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Prepare For Change


February 4, 2009

Read Time

4 minutes


Interviewed by Elizabeth Grace Saunders

Change is coming. Both a change in the presidency and a change in tax laws add urgency to estate planning. If you don’t take action now, you could miss out on millions of dollars of exemptions.

“In this turbulent financial environment, it is important for our new President and Congress to address estate tax legislation and play a vital role in stabilizing the estate planning world,” says Sheri Warsh, partner in the Asset Planning & Preservation Service Group at Levenfeld Pearlstein, LLC.

Smart Business asked Warsh what changes to expect and how to protect assets now.

What’s the current status of estate tax legislation?

In 2001, Congress passed the Economic Growth and Tax Relief Reconciliation Act (EGTRRA), which established gradually increasing exemption amounts while simultaneously reducing the estate tax rates through 2009. In 2009, the exemption will rise to its highest level at $3.5 million
with a maximum 45 percent tax rate. In 2010, the estate tax will be repealed.

Without congressional action to reform the existing estate tax laws or make the estate tax cuts permanent, in 2011, the estate tax scheme will revert back to the 2001 levels of a $1 million exemption and a top tax rate of 55 percent.

What kind of exemption and tax rate changes could happen under the Obama administration?

During Obama’s campaign, he proposed freezing the estate tax exemption and rate at 2009 levels. His proposal sets the exemption at $3.5 million per person or $7 million per couple with a corresponding tax rate of 45 percent. This would result in about 8,000 estates per year owing taxes, or the equivalent of a mere .3 percent of all descendants.

Portability of the exemption between spouses is another area of contemplated change by the Obama administration. Under the current law, when one spouse dies without having used the estate tax exemption, it is lost and cannot be used by the surviving spouse. The proposals would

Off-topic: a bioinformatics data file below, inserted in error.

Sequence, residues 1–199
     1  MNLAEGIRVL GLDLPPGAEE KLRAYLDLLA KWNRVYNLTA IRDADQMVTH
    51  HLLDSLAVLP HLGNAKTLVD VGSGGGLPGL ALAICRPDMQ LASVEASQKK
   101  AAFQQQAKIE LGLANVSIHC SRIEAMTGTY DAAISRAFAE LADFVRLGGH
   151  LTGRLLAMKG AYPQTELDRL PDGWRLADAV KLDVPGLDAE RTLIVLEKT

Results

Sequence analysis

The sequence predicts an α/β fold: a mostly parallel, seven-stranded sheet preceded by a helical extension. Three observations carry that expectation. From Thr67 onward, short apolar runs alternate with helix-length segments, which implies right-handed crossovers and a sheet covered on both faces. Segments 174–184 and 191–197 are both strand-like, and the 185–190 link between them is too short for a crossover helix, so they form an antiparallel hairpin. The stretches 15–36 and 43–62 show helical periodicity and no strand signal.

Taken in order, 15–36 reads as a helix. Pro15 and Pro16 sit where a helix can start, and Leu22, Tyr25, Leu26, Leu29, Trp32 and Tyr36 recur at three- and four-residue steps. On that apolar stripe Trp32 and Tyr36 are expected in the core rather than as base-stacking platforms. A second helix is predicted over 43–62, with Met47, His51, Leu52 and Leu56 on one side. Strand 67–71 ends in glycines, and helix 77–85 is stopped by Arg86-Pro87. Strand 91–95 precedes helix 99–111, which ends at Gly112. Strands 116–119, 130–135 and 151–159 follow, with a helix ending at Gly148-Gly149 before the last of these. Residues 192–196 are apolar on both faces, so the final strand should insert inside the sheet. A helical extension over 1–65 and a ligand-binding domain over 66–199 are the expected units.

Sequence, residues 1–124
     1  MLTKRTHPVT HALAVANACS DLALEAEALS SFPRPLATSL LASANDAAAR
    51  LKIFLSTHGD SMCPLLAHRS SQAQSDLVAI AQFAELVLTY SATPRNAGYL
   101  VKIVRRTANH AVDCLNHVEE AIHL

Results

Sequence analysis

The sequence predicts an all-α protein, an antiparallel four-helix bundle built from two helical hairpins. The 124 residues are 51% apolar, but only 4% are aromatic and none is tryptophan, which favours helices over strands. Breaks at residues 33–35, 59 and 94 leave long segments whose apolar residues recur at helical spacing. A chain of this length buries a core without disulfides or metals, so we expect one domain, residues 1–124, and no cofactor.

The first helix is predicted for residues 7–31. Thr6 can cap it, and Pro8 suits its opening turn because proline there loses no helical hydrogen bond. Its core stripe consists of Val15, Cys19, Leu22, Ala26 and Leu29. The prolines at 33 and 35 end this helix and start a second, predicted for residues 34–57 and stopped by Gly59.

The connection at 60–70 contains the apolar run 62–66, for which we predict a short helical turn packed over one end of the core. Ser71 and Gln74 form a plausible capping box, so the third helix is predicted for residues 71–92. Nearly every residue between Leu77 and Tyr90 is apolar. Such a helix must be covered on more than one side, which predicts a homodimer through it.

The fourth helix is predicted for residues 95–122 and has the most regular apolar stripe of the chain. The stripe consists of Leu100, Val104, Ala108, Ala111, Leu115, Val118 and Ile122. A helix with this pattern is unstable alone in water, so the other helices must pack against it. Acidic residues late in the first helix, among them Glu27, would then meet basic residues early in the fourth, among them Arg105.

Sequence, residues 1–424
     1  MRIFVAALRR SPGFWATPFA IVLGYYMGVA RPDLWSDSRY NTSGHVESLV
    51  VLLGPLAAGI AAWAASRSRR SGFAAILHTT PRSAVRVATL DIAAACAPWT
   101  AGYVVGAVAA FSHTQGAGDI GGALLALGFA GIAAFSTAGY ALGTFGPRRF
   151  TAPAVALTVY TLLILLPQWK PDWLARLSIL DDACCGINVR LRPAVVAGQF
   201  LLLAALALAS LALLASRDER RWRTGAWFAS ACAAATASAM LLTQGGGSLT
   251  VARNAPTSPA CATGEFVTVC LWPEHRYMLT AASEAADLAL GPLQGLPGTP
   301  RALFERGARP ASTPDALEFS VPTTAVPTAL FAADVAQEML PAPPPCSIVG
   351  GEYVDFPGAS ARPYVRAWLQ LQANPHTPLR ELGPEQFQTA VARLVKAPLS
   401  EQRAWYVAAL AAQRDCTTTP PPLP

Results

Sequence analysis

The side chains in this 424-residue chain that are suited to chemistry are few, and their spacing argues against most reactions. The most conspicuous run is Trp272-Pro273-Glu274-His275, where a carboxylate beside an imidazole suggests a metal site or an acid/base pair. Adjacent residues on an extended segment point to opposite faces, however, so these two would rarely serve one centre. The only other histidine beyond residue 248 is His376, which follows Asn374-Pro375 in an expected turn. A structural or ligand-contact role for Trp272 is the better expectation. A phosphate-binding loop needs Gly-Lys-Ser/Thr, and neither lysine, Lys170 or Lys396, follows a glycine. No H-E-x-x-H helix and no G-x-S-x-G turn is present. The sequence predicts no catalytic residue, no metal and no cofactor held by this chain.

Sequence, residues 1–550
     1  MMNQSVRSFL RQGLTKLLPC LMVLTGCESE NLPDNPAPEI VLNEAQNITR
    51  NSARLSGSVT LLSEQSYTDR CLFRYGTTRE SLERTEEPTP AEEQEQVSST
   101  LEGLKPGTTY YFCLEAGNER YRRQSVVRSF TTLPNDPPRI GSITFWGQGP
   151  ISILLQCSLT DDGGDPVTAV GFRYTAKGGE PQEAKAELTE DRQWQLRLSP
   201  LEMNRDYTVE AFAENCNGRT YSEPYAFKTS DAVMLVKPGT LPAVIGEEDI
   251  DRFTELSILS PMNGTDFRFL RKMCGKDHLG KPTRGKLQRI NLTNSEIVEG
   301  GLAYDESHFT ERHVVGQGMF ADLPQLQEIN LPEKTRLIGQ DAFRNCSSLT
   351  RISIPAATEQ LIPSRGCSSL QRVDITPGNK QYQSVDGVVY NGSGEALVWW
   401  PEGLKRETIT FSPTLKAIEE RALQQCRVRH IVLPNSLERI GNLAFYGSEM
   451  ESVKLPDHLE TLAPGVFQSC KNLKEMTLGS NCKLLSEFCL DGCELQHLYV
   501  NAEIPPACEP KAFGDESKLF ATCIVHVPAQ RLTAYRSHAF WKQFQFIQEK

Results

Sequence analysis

allow a spouse to transfer his or her exemption amount to the surviving spouse without setting up trusts to shelter the exemption amount. This could drastically change how estate-planning documents are currently drafted.

What are potential changes in permissible legal structures?

A Democratic-controlled White House and Congress, coupled with the current economic climate, have caused rumblings of additional estate tax reforms. One such change limits the availability of family limited partnerships and limited liability companies as a method of gifting assets to younger generations at discounted values.

Another possible modification is the elimination of the zeroed-out Grantor Retained Annuity Trust (GRAT), which allows an individual to transfer assets to a trust without a resulting gift while receiving an annuity for a fixed number of years. Legislation could mandate a taxable gift upon creation of a GRAT equal to percentage of the assets gifted to the trust. One last rumored reform
is restricting or abolishing the use of split interest charitable gifts. A split interest charitable gift allows an individual to make a gift today, while retaining an interest in the property and receiving immediate and longer-term tax benefits.

How soon could these laws come into effect?

It is possible that major tax legislation will not be introduced until the second half of 2009 or even 2010. However, if Obama does not want to let the estate tax be repealed as scheduled in 2010 or allow the estate tax regime to revert to a $1 million exemption and 55 percent tax rate, tax reform will need to be addressed by the end of 2009.

What legal strategies can help safeguard assets?

I recommend taking these actions as soon as possible:

  • Take full advantage of both spouses’ estate tax exemptions through the use of available credit exemption and marital deduction planning.
  • Maximize the use of the $13,000 annual gift tax exclusion. This allows all taxpayers to give $13,000 ($26,000, if married with spousal consent) per donee. You can have an unlimited number of donees, and they don’t have to be relatives.
  • Make gifts on behalf of any individual for education or medical care. These payments,
    as long as paid directly to the service provider or educational institution, are unlimited and do not reduce your gift tax annual exclusion or estate tax exemption amount.
  • Establish a GRAT, especially in light of today’s low interest rates.
  • Utilize family limited partnerships and limited liability companies to manage family wealth and sell or gift interests to take advantage of valuation discounts.
  • Set up an irrevocable life insurance trust to provide liquidity to pay estate taxes.
  • Establish charitable remainder trusts or charitable lead trusts.

Filed under: Trusts & Estates

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